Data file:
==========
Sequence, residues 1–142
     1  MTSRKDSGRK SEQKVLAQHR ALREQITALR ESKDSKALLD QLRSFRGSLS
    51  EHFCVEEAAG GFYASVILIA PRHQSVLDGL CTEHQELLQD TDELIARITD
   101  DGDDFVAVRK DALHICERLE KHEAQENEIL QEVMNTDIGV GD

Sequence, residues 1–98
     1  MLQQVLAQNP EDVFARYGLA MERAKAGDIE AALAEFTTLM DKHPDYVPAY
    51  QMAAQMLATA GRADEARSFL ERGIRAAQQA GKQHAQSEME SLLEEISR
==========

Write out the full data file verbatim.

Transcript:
Sequence, residues 1–142
     1  MTSRKDSGRK SEQKVLAQHR ALREQITALR ESKDSKALLD QLRSFRGSLS
    51  EHFCVEEAAG GFYASVILIA PRHQSVLDGL CTEHQELLQD TDELIARITD
   101  DGDDFVAVRK DALHICERLE KHEAQENEIL QEVMNTDIGV GD

Sequence, residues 1–98
     1  MLQQVLAQNP EDVFARYGLA MERAKAGDIE AALAEFTTLM DKHPDYVPAY
    51  QMAAQMLATA GRADEARSFL ERGIRAAQQA GKQHAQSEME SLLEEISR